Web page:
From Bitter to Blessed
The Negev is a dry, hot desert region in the southern part of Israel. If you were wandering through it, heading towards the northwest, you would eventually come to a large body of water. After the dry, arid, dusty journey through the desert, you would be excited about seeing so much water. The problem is that that the body of water is the Red Sea, packed with so much salt content that people easily float. It's water - but you can't drink it.
This is precisely what the former Hebrew slaves experienced only three days after they passed through the waters of the Red Sea. Turning south into the wildnerness rather than heading north to the promised land, Moses led them into a situation where they had to trust God.
As described in Exodus 15:22-27, when they came to the waters of Marah, the water was bitter - unsuitable to drink. Rather than reaching out to God in faith, the people grumbled against Moses. Since he was God's appointed leader, really, they were grumbling against God. Several key lessons emerge from this story.
First, grumbling happens when we forget our deliverance. Exodus 15 starts with an amazing example of appropriate praise: the people sang and danced and celebrated because of God's great deliverance. In Exodus 15:1-2, they acknowledged that 'the Lord is my strength and my song and has become my salvation'. That's a great way to live - celebrating what God has done for us. Unfortunately, their song changed as soon as they encountered a problem.
So here's one measure of spiritual maturity: what does it take for you to let go of praise and fixate on problems?
Second, the wilderness is part of God's plan. According to v. 22, Moses led them into the desert of Shur. God leads us into desert regions to both reveal character and to develop character. Remember: it only took God a few days to get the Israelites out of Egypt, but it took him forty years to get Egypt out of the Israelites.
Third, when we encounter a lack of provision, we can respond with prayer or protest. Prayer demonstrates that we are looking to and trusting God. unfortunately, the Israelites didn't pray; they protested. And when they thought the answer was in hand, the water turned out to be bitter.
More unfortunate is that this practice of grumbling became a pattern: In Exodus 16:2 and Exodus 17:2, the grumbled and quarrelled with Moses. Further, according to Exodus 16:3 and Numbers 11:5 - they wanted to go back to Egypt. When we forget our deliverance and neglect patterns of praise, we are susceptible to grumbling.
Fourth, God is the one who can make bitter better. According to Exodus 15:28, Moses threw a piece of wood into the water and it became fit to drink. God's solutions are often counter-intuitive; a poisonous problem is an opportunity for God to accomplish a powerful solution.
Many years later, God would deal with the ultimate source of human bitterness - our sinfulness - through the wood of the cross when Jesus died in our place and bore the penalty for our sin. The good news is that God doesn't leave us in the pain of bitterness; hge brings healing and blessing.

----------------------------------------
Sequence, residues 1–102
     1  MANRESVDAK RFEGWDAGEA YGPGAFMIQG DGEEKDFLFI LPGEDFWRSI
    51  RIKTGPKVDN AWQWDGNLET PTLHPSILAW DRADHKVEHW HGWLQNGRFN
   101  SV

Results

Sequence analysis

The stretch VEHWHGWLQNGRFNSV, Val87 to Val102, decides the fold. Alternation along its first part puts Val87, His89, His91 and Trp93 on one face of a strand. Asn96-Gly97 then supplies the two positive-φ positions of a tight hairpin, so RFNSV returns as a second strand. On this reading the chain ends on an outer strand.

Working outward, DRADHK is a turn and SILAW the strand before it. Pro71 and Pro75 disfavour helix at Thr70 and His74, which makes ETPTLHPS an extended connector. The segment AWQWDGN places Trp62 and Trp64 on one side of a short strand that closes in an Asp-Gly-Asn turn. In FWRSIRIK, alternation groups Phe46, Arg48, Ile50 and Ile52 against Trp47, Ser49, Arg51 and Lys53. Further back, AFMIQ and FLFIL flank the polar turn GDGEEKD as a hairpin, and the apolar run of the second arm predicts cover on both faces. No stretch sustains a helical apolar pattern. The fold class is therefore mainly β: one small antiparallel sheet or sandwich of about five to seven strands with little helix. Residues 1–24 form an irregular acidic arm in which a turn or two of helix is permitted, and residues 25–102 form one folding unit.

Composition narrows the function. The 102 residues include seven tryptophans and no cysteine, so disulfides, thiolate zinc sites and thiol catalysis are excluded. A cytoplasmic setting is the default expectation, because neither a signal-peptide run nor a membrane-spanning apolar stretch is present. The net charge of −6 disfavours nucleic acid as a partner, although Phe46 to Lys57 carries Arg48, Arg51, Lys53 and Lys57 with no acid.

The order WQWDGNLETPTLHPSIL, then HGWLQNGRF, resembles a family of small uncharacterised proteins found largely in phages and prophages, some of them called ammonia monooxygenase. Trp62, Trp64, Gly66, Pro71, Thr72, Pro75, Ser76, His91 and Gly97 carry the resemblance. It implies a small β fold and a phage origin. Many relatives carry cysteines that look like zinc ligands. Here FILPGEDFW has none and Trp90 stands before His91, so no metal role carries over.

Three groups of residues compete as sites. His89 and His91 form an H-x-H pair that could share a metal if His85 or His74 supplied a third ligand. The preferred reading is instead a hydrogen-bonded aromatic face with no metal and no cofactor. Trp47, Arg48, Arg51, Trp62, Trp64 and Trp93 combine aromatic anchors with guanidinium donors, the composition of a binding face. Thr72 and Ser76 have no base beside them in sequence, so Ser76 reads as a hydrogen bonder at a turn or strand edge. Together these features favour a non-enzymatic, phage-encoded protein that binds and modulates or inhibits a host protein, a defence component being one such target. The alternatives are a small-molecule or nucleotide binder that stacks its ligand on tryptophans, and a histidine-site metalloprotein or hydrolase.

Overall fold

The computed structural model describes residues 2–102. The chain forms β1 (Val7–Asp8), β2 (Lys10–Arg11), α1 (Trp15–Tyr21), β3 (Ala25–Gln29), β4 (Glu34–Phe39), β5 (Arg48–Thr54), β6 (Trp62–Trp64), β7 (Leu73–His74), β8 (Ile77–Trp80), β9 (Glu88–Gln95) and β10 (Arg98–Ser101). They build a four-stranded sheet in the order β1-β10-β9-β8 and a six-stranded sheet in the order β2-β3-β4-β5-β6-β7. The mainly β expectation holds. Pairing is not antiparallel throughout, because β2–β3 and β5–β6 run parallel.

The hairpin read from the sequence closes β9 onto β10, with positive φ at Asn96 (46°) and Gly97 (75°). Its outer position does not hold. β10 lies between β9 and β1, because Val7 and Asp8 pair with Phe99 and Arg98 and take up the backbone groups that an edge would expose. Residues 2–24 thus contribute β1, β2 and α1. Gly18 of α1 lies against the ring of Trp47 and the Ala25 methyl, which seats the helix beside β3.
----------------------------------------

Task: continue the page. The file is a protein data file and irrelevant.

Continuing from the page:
Fifth, God uses tests to teach us. In Exodus 15:25 we read that, not only did God put his people to the test, he used this as a teaching moment. Remember, God's agenda is taht we share his character. Tests reveal how far from that character we actually are. We can grow from the test IF we embrace the teaching God gives.
Sixth, we learn that growth comes from hearing and obeying. In Exodus 15:26 God tells the people to listen and obey, to pay attention and keep his commands. Listening and paying attention are the foundation for a life of obedience. Success in our spiritual journey starts when we pay attention and listen to what God says in his Word.
Seventh, perseverance brings provision. Exodus 15:27 is a beautiful scripture: Then they came to Elim, where there were twelve springs and seventy palm trees, and they camped there near the water. They were on the right path: had they just persevered, they would have eventually gotten to the refreshing oasis.
This is good news for us: God has ‘Elims’ in our future that we don’t know about: we experience them when we persevere in patience! Wherever you are in your spiritual journey, don't give up! God knows the future, he has it well planned, and even if you find yourself stuck in the wilderness for a while, God has pockets of refreshing to sustain, encourage, and strengthen you along the way.
So here's the Big Idea: God is good; He did not bring us out to leave us in the desert; he brought us to take us into the promise land. We all hit pockets where we face problems that are so big they intimidate us and make us quake in our boots. The time comes when we have to stare those problems in the face and say, 'My God is bigger than you - my God will win, my God will provide, my God will sustain me and bring me safely to the other side'.
If we wait until we experience provision before we praise, our hearts may become so bitter that blockages prevent us from being refreshed. Rather, let's practice a lifestyle of praise that will sustain us through the problem we face.
Like Israel immediately after they passed the waters of the Red Sea, let's celebrate our deliverance and declare:
The Lord is my strength and my song,
and he has become my salvation;
this is my God, and I will praise him,
my father's God, and I will exalt him.